Co-creating a meta-framework for patient engagement takes collective collaboration and commitment. We’ve now held 5 workshops with 45 international participants representing patients/ patient organisations, industry (including CRO and biotech), independent experts (with backgrounds from academia, research and also industry), HTA and regulatory.
We started by establishing 3 Working Groups – each focuses on a specific phase of medicines development and lifecycle. Task forces have been created to take on agreed and prioritised actions including: Book of Good Practices task force (Discovery phase) Compliance & Legal Hurdles task force (clinical and regulatory phases), and the Good Patient Engagement Practices task force (post-launch phase.
Priority Actions Agreed
Creation of patient engagement guidance or “Book of Good Practices” across all medicines development phases with concrete examples of how to work with patients.
Lowering the compliance, legal and other administrative barriers to working with patients.
Identifying and including missing stakeholder groups to PFMD network and work streams.
PFMD held the first two Working Group for the co-creation of the patient engagement (PE) meta-framework on 16 and 17th of November 2016 at The Synergist offices in Brussels. The meeting served to mobilise a dynamic community of stakeholders with diverse expertise, extensive networks and experience, and who are motivated to contribute to the PE journey. A common theme of the meeting was agreement on the need to maintain momentum and secure participation from additional stakeholders.
Working Group Composition and participants
Working group 1
Working group 2
Working group 1
Working group 2
Overlapping themes surfaced and were discussed during both workshops. These were:
- A strong need for a guidance document/ “book of good practices” to clarify HOW, WHEN and WHY to involve and engage with patients;
- A need to create and enforce a structured/ systematic feedback loop in all phases of medicines development;
- A need to clarify roles/responsibilities of patients and other stakeholders in PE, and to align stakeholders’ objectives;
- A need to create a platform/ hub where researchers can connect with patients or patient organisations;
- A need to include regulators, HTA , academia more strongly in all phases of medicines development cycle;
- A need to build the capabilities, knowledge and training for all stakeholders based on existing material and experiences.
PFMD Working Group 3 (WG), focusing on Phase IV clinical studies and life-cycle management including safety and compliance, was held on February 16th, 2017 with 19 stakeholders representing patient organisations, regulatory bodies, the HTA sector, as well as the pharma and life sciences industry. Similar to the previous working groups, this meeting served as a kick-off to mobilise and identify key gaps and opportunities in patient engagement, in the focus area. The outcomes of the day are a set of prioritised action points that will be worked on in separate task forces.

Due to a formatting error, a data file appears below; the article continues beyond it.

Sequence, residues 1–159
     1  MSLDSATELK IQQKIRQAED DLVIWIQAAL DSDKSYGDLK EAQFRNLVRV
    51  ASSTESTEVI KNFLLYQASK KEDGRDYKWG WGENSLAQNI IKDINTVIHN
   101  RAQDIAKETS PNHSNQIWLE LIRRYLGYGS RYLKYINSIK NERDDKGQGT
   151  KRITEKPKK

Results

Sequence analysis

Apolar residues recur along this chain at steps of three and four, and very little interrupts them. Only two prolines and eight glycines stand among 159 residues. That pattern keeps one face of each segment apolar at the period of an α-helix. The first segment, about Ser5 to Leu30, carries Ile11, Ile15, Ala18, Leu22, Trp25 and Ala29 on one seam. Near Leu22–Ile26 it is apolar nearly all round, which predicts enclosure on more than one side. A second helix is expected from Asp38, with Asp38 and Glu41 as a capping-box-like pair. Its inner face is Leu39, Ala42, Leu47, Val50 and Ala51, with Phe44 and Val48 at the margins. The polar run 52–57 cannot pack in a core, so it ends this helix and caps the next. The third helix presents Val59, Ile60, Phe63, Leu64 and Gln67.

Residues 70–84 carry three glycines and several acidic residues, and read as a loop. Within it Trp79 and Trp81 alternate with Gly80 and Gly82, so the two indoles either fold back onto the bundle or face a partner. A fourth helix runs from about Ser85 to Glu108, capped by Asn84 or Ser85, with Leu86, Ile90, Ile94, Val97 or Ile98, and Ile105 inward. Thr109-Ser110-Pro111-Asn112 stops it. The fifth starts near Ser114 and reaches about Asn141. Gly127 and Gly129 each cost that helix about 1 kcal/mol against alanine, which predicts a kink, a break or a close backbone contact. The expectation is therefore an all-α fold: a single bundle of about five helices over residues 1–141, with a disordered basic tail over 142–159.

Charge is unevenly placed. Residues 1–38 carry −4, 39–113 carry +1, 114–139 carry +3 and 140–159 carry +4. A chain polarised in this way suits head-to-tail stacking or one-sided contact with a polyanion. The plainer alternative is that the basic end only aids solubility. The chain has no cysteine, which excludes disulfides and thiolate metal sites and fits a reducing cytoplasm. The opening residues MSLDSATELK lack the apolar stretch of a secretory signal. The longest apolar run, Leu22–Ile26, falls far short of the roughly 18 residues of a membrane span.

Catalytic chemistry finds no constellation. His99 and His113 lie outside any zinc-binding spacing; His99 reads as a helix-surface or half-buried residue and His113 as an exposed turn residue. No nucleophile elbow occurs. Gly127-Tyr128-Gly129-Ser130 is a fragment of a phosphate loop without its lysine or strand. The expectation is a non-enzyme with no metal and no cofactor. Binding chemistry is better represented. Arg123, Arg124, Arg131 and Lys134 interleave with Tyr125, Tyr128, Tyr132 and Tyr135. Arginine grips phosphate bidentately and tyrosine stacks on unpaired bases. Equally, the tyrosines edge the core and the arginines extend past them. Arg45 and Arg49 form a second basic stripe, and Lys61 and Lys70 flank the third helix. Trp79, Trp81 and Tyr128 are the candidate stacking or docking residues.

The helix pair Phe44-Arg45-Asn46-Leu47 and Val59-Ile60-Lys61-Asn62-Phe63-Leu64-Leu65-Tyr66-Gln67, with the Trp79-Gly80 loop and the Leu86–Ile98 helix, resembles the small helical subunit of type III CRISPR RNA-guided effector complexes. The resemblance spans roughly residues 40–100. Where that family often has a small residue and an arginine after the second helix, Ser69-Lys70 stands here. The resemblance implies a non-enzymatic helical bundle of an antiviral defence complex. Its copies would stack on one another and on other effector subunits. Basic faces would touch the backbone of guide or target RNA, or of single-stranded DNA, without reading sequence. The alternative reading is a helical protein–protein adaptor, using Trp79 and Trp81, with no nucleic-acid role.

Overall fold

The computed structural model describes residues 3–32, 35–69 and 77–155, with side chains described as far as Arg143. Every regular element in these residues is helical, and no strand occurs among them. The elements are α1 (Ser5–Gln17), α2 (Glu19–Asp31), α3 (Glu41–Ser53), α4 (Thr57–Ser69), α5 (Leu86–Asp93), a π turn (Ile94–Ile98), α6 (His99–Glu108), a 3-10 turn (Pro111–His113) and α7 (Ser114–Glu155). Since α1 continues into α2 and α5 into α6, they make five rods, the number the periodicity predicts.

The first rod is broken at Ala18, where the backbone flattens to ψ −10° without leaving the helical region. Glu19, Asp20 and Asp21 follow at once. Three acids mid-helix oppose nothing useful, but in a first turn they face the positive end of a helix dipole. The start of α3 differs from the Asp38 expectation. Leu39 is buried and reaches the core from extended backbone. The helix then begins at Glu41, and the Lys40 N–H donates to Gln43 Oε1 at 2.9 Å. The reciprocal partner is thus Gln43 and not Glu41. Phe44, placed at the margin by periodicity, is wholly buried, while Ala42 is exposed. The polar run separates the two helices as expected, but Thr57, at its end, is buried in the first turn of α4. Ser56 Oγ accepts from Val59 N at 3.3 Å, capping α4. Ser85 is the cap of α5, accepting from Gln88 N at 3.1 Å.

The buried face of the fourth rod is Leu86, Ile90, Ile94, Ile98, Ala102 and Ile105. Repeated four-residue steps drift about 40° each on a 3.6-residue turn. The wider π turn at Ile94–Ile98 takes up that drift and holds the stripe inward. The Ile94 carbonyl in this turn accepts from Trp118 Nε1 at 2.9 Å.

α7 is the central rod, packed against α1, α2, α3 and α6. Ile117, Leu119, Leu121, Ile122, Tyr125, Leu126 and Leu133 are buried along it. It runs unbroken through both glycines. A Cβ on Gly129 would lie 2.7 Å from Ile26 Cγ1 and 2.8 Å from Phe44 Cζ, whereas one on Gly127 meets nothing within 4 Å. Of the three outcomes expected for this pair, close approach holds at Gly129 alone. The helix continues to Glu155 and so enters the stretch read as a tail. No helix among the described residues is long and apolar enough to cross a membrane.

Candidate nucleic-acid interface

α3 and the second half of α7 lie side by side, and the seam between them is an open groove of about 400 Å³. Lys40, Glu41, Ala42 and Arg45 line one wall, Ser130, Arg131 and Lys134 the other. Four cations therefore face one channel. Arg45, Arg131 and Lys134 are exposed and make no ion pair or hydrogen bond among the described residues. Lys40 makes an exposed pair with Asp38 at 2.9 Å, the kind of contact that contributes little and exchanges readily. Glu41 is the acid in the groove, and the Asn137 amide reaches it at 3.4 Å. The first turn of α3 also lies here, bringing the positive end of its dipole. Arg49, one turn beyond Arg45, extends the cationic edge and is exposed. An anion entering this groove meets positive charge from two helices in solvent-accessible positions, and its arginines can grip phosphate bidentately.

- 4 patient / patient organisation representatives
- 2 independent experts
- 1 university hospital representative
- 3 regulatory / HTA representatives
- 9 industry representatives
Main takeaway points
- Including more representative stakeholders in PFMD: HCPs [e.g. prescribers, specialists involved in clinical trials] and Payers
- Good Patient Engagement Practice – developing mandatory guidelines for patient engagement (with incentive for regulatory agencies and payers to increase patient engagement
- Patient input quality:
- Provide clear, generally accepted scientific guidelines and standards for representative patient input, and clear legal standards for patient engagement that are generally accepted across stakeholders.
- 1) Define criteria for patient input quality, 2) find best practices, and 3) create a “how-to” manual
- Develop a broadly endorsed framework for securing support for patient adherence (a holistic framework beyond a product/ company)
- Analyse existing compliance data and feedback into patient engagement framework.
All three working groups followed the same process during the day:
Participants were divided into subgroups with the task to identify gaps, opportunities, tools and methods in PE from the existing frameworks. They also identified stakeholders who were needed in the co-creation process, but who were not currently involved.
Subgroups then conducted a prioritisation exercise to first create action items out of identified gaps and opportunities, and then identify and prioritise three action items. Prioritised action items from all three subgroups were shared and overlapping items were merged.
These were further assessed by all participants to identify immediate priorities.